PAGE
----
Letter from Roger Tarbuck, August-September 2017

Nearly all classical guitarists play with the nails of their right hand and these need to be long, especially the thumbnail.  The trouble is that nails can crack or chip.  I, for instance, have the recurring problem of a split appearing on my thumbnail, and this needs repair, for which I use superglue.

Because the damage to my thumbnail appears on my right hand, I need to handle the tube of glue in my left hand, then place a couple of drops on the crack in my nail.  But the crack is closed because the thumbnail is strong, so, before the glue hardens, with the end of a fingernail on the right hand I prise the thumbnail upwards and try to waggle it up and down, to allow the glue to run quickly into the crevice.  (Gel doesn’t work here.)  I then quickly put the tube down and work the crack with the nails of my left hand and hold it in place, all in a matter of seconds.

On the occasion I have in mind, I gave the tube a little squeeze, but nothing happened, so I squeezed harder, then harder still, and yet harder, whereupon the glue shot out in a jet and ran like cool water over all the fingers of my right hand, then, because I instinctively tried to limit the damage it would do to my soft reclining chair, my pyjamas (!) and the carpet, by bringing my left hand into play, in very few seconds I had all the fingers of both hands saturated with a great deal of superglue, all of it destined to harden like glass in less than a minute.  But I was saved by a simple thought:  Keep your fingers apart, which I did.  Can you imagine what it would have been like if I had allowed my fingers to touch each other, and then, possibly touch the fingers of the other hand?  Or my face!?  There would have been a seven-hour wait in A & E, and would they have had the solvent available?  (And what about the loo?)  But my fingers were separate and I had a bottle of the solvent. (Always have solvent, and always test the tube of superglue against a couple of tissues bunched in the other hand.  If it spurts out, no harm done.)

What concerns me here is the spontaneous reaction which caused me to keep my fingers apart.  It reminds me of the time that I slipped and tobogganed downstairs on my back, at the age of 75.  While this electric experience was happening, a thought flashed into my head: Keep your feet together.  I wasn’t hurt.  In fact, I would have enjoyed it if I’d known that there would be no injuries.  Too many people in such a predicament try to stop themselves by sticking their feet out and hurting themselves badly on the stair posts, or under their body, as they somersault at speed.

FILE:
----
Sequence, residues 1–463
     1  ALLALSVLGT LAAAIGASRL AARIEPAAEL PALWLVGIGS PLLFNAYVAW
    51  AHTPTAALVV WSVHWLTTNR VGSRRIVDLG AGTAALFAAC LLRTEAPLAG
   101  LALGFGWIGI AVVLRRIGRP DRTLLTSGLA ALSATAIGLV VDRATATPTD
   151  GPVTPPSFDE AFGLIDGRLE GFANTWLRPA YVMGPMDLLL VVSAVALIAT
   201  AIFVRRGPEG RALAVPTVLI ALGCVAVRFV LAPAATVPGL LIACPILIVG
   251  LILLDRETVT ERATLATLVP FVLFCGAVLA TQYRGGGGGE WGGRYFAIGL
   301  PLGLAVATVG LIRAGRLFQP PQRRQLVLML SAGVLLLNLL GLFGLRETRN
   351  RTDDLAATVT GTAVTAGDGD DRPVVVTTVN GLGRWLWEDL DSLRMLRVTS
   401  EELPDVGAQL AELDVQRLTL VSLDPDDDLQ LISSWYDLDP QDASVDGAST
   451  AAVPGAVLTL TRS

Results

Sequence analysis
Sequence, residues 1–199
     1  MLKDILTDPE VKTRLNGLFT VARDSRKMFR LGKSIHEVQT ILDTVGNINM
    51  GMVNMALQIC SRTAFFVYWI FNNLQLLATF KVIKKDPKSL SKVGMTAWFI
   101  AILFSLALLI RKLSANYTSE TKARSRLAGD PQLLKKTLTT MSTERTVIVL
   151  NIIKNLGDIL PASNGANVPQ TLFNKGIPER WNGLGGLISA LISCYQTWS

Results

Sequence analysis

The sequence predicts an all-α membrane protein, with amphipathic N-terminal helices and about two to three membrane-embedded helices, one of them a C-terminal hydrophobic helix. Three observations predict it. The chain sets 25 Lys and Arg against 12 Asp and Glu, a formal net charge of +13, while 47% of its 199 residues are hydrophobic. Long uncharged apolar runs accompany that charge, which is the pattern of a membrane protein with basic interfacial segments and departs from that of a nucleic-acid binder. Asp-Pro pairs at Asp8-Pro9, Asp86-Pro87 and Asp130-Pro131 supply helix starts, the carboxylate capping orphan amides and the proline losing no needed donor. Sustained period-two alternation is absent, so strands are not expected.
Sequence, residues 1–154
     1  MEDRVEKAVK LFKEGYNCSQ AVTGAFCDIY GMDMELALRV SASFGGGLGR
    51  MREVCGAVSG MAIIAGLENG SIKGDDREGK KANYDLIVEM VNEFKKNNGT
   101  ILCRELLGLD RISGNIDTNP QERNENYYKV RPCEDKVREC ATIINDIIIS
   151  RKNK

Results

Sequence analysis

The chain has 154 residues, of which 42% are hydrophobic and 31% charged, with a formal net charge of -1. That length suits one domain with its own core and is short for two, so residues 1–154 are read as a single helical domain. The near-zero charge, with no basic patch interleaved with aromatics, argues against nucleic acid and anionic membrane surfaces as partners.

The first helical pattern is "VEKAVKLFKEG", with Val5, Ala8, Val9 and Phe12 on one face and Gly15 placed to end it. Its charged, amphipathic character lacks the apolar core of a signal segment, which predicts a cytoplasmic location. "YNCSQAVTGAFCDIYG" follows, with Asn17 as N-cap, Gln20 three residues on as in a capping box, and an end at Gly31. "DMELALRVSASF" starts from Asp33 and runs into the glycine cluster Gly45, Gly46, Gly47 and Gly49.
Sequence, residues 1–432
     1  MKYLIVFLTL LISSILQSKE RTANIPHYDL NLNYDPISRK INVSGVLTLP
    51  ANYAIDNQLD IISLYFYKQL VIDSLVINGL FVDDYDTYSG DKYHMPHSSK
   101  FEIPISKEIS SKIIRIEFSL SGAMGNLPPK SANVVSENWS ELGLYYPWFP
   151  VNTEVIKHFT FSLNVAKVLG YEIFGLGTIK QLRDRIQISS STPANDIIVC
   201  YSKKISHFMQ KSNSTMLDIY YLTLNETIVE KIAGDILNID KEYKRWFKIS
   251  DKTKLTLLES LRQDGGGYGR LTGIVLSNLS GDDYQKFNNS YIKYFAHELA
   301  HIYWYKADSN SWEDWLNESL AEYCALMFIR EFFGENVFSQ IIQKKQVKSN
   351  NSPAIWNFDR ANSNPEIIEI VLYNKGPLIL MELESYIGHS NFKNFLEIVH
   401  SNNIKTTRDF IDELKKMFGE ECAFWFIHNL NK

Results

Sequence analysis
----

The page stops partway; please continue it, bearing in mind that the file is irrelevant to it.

In each of these experiences I was saved by a spontaneous reaction.  No time for thought. No “What shall I do to do in this situation?”  I kept my fingers apart and my feet together without thinking.  From past experience, I knew the dangers of super glue, and I dimly remember reading something about the best techniques of falling downstairs, and the necessary part of my mind sprang immediately into action.

Edmond Shaftsbury called this part of our mind the Truth Teller.  It knows the best course of action to take in an emergency or when suddenly presented with strange circumstances.  I’m not talking about the first few minutes, or the first second, but the very first instant when you meet something new.  Somehow you know what is right and what is good; what to do or not to do.  This has happened to me many times, and on reflection afterwards, it has always been right.  All this takes place before opinions, prejudices, likes or dislikes – even before reason.  In a sudden crisis, there is no time for reason, only immediate action.  Reason comes afterwards, when we weigh the pros and cons of what we have experienced, because, after all, like good Unitarians, we mustn’t lose our head.

This spontaneous reaction is evident when we meet a stranger.  Before all thought, all reason, all funny little ideas we may have, there is acceptance or non-acceptance – pre-prejudice.  In the first case, the stranger starts with an advantage; in the second, he or she will have to prove him or herself.  Such a spontaneous realisation can reveal love at first sight, and it’s what I experienced when I first encountered Unitarianism.  Before all questions of Christianity or humanism, freedom, reason and tolerance, ancient or modern, etc, I knew that this was it, so I stayed.  Later, reason proved me right.  Oh how right!  Of course, I could say that this is all God-sent, but I won’t go into that now.

 

Yours sincerely,

Roger Tarbuck